It’s illegal for an employer to discriminate against any current or potential employee on the basis of that employee’s sexual orientation or gender identity.
Federal and state laws prohibit employers from discriminating against applicants or employees based on sexual orientation, gender, gender expression, and gender identity, along with certain other protected characteristics. A recent Supreme Court decision clarified that Title VII of the federal Civil Rights Act protects individuals from discrimination in the workplace based on sexual orientation or gender identity.
Protection From Discriminatory Adverse Employment Actions
Firing, demoting, failing to hire, or taking other adverse employment actions against an individual because of their sexual orientation or transgender status violates Title VII’s prohibition on discrimination because of sex. Title VII, enacted in 1964, prohibits discrimination by an employer against an employee based on certain “protected characteristics,” including race, national origin, religion, and sex. It is the law for most employers in both the private and public sectors that have 15 or more employees as well as the federal government, employment agencies, and labor organizations.
The Supreme Court’s decision in Bostock v. Clayton County, Georgia, 140 S.Ct. 1731 (2020), made explicitly clear that discrimination based on a worker’s sexual orientation or transgender status falls under the umbrella of illegal discrimination “based on sex” that Title VII forbids. This ruling means an employer may not use a worker or applicant’s sexual orientation or gender identity as a basis for taking adverse employment action against them—even if it’s not the only reason or even the primary reason.
The federal Equal Employment Opportunity Commission, which enforces Title VII, has made it a top priority to investigate claims against employers on behalf of lesbian, gay, bisexual, and transgender individuals experiencing discrimination. If the EEOC determines that an employer has illegally discriminated against a complainant, it may issue fines, penalties, or other consequences to an employer, some of which may not be available in a lawsuit. Victims of discrimination may wish to file a complaint with this agency in addition to or instead of pursuing litigation (filing a lawsuit in court).
Protection for LGBTQ+ Employees in New Jersey
The New Jersey Law Against Discrimination (NJLAD) already explicitly bans workplace discrimination against individuals on the basis of sexual orientation, gender identity, and gender expression, along with other protected characteristics. Its protections also extend beyond the workplace, helping LGBTQ+ individuals combat discrimination in housing, places of public accommodation, credit transactions, and business contracts.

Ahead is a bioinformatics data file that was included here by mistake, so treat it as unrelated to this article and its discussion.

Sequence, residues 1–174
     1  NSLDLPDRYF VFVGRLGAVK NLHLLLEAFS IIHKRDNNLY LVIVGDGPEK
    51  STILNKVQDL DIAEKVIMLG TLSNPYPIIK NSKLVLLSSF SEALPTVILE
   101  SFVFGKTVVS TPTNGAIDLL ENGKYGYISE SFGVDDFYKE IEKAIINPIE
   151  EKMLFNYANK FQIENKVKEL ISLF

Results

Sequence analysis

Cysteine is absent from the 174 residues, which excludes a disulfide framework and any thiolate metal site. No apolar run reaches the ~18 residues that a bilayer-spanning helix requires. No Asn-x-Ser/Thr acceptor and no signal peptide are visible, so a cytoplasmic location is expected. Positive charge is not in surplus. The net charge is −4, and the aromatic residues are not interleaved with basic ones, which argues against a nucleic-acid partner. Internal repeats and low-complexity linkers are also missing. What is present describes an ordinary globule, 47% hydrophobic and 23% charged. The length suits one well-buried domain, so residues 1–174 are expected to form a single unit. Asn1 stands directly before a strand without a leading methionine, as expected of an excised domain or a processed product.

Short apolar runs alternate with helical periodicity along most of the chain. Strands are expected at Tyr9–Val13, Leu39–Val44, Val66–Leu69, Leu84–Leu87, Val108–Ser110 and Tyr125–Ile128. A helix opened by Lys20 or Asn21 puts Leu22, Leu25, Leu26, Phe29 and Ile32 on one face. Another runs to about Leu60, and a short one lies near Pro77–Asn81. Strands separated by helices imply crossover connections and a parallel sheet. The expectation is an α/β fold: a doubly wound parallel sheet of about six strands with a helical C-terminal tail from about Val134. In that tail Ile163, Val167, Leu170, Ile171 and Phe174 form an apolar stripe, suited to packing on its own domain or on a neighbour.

Protection from Harassment
It is generally unlawful for anyone in the workplace to harass an employee based on their gender, sexuality, sexual orientation, or gender expression, including a worker’s supervisors, coworkers, or clients. Illegal harassment is conduct that is so frequent or severe that it creates a hostile or offensive work environment or when it results in an adverse employment action (like termination or demotion). If the harassing conduct is intentional, extreme, and outrageous, it may also constitute intentional infliction of emotional distress.
Don’t Wait – Contact an Attorney Today
Victims of discrimination in New Jersey can file employment-related claims with two separate government agencies: the Equal Employment Opportunity Commission (EEOC) for federal discrimination claims and the New Jersey Division of Civil Rights (DCR) for state-law based discrimination claims. Instead of or in addition to filing a claim with these agencies, a victim of discrimination based on sexual orientation, gender, or gender identity may file a lawsuit in state or federal court. An experienced attorney will help you choose which venue and strategy is most appropriate for your situation.
If you believe you may have experienced discrimination on the basis of your sexual orientation, gender identity, or other protected characteristic, you should consult an experienced discrimination attorney. The deadlines to initiate a claim to recover compensation for discrimination vary widely depending on the circumstances of your case, so don’t wait—contact us today.